The Act Party has set out its remedy for the cost of living crisis, including giving international supermarket chains an easy path to set up shop in New Zealand and removing the remaining tariffs on imported goods from some countries.
Act Party leader David Seymour set out the package in Wellington today, saying the Government had to do more to lower the burden on people after the latest CPI release showed inflation was at 7.3 per cent for the year to June, and high inflation was expected to last for some time.
He criticised Labour's temporary fuel tax cuts and a cost of living payment for low earners as "gesture politics".
Act's package includes allowing foreign supermarket chains from OECD countries to bypass the Overseas Investment Act process, so they could bring more competition into the market more quickly.
The Government has made some moves to boost competition in the sector, including a law change to stop supermarket chains using covenants to stop rivals starting new supermarkets.
Seymour also proposed cutting out most of the criteria employers had to meet to bring in staff from overseas under the Accredited Employer Work Visa scheme, including abolishing labour market tests, the wage rule, and transfer restrictions. He said the country was in a "labour crisis" and the tough rules were constraining the labour market more and clearly not needed.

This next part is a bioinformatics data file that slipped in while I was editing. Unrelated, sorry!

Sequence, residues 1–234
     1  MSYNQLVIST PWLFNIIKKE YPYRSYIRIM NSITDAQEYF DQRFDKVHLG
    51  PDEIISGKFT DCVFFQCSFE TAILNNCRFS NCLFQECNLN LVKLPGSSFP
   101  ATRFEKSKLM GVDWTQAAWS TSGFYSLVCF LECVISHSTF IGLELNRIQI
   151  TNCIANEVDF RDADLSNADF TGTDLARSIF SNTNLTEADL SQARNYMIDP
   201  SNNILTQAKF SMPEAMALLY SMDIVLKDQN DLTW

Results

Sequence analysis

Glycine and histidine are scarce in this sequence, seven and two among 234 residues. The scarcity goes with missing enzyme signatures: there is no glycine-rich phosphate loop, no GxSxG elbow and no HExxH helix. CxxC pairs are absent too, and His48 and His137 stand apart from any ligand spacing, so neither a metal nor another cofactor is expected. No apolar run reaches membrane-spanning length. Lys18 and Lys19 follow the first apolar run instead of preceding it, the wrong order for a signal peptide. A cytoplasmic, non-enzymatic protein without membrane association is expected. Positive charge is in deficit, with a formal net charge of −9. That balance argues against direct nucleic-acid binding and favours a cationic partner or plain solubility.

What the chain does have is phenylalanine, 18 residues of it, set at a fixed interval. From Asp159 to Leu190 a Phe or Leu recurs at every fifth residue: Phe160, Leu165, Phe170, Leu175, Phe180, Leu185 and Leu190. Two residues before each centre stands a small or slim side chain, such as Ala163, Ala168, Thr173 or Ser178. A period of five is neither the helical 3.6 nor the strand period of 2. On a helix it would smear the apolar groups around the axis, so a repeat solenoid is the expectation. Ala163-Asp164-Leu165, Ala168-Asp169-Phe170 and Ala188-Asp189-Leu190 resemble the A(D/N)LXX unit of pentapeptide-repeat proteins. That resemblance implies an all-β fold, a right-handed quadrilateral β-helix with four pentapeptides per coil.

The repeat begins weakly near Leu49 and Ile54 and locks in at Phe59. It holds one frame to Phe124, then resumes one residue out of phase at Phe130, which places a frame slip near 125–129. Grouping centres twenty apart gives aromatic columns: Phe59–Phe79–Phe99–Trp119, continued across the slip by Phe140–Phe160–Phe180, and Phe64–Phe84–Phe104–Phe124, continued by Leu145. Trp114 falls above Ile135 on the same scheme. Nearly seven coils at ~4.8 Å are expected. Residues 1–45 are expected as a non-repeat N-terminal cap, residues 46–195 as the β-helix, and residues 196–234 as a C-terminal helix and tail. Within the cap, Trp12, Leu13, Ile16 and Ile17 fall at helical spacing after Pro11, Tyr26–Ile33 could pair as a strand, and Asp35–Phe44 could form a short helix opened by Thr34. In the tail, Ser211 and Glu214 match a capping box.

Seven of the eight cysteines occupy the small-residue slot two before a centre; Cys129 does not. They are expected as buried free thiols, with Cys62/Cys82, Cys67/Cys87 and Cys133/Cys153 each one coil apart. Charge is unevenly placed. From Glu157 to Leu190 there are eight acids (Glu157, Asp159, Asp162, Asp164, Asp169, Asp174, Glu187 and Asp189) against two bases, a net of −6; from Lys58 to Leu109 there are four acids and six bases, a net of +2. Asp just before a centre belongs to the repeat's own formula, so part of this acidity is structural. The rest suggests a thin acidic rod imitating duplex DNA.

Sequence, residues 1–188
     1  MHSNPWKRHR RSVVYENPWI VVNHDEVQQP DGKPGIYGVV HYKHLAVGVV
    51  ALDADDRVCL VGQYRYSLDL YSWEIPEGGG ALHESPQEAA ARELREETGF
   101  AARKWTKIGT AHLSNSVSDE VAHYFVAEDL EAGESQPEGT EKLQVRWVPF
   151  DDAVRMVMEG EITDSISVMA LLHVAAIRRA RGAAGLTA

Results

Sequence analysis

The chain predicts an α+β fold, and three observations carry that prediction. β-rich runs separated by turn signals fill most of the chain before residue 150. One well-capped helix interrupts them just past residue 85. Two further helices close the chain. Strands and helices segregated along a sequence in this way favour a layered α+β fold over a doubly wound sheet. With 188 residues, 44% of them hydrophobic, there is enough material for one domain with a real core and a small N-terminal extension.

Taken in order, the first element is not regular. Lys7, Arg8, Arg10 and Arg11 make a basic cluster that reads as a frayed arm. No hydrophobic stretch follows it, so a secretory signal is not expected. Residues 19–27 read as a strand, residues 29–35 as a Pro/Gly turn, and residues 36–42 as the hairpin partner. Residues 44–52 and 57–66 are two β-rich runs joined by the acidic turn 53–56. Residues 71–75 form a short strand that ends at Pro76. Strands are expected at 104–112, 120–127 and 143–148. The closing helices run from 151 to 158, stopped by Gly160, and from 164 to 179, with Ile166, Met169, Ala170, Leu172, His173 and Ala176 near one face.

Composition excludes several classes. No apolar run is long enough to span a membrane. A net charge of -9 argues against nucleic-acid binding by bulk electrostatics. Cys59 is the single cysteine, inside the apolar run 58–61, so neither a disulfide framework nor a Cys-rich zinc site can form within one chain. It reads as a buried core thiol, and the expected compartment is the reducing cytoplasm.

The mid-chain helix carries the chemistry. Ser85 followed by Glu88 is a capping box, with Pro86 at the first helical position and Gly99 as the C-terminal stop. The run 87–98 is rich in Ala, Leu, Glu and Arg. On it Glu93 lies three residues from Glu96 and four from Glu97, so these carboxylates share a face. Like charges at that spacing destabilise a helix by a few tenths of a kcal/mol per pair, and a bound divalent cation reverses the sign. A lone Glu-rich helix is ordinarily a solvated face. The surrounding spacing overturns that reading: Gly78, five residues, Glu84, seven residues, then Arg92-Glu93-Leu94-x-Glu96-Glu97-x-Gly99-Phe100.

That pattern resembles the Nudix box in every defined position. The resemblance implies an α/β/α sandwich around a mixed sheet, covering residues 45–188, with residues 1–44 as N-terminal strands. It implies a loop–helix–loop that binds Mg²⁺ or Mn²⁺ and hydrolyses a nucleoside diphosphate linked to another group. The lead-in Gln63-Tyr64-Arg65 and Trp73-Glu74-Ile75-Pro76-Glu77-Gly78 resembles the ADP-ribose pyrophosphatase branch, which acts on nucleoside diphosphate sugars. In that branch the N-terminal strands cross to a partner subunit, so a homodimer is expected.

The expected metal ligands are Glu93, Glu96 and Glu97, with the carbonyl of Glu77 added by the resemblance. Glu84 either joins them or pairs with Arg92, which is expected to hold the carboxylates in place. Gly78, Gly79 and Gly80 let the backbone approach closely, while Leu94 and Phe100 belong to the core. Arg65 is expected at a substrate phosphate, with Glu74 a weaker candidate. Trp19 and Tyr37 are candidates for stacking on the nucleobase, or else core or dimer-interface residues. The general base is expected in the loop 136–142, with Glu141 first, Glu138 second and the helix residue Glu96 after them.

He said all remaining tariffs on goods being imported into the country should also be removed, rather than held on to to use in free trade agreements.
New Zealand still has low tariffs on a raft of goods from a number of countries, which are primarily for use in negotiating free trade agreements.
Seymour said unilaterally removing them would reduce the costs of clothing, food and equipment imported into New Zealand by $200 million per year – saving New Zealanders a bit more money.
The levies include clothing, chocolate biscuits, chardonnay, railway locomotives, and ambulances as well as cosmetics mainly from countries with which there is no free trade agreement in place. Seymour said it would cut about $20 from the cost of a school uniform.
He said the tariffs were of limited use in trade negotiations anyway and had the effect of dampening competition, allowing domestic producers of the same goods to charge more.
The rest of Act's ideas include setting up a materials equivalence register, forcing councils to allow people to use substitutes for building materials such as Gib plasterboard.
It would also allow councils to get a cut of GST, provided they boosted residential development.
Finance Minister Grant Robertson has put inflation down to global pressures such as the Ukraine war and ongoing supply issues from the Covid-19 pandemic. Last Sunday, he announced the fuel tax cuts would be extended until January next year as would half-price public transport.
Seymour said bold change was needed: "[People} are sick of Labour blaming everyone from supermarkets, to fuel companies, to Vladimir Putin.
"Kiwis shouldn't have to just accept that New Zealand is too expensive. Act doesn't accept that and with the right policies and the political will to make them happen it doesn't have to be."
The final four points in its plan are its pre-existing policies for a two-rate tax structure, RMA reform, removing the current dual mandate on the Reserve Bank, and reversing workplace relations measures such as Fair Pay Agreements, an extra public holiday, and bringing back 90-day trials.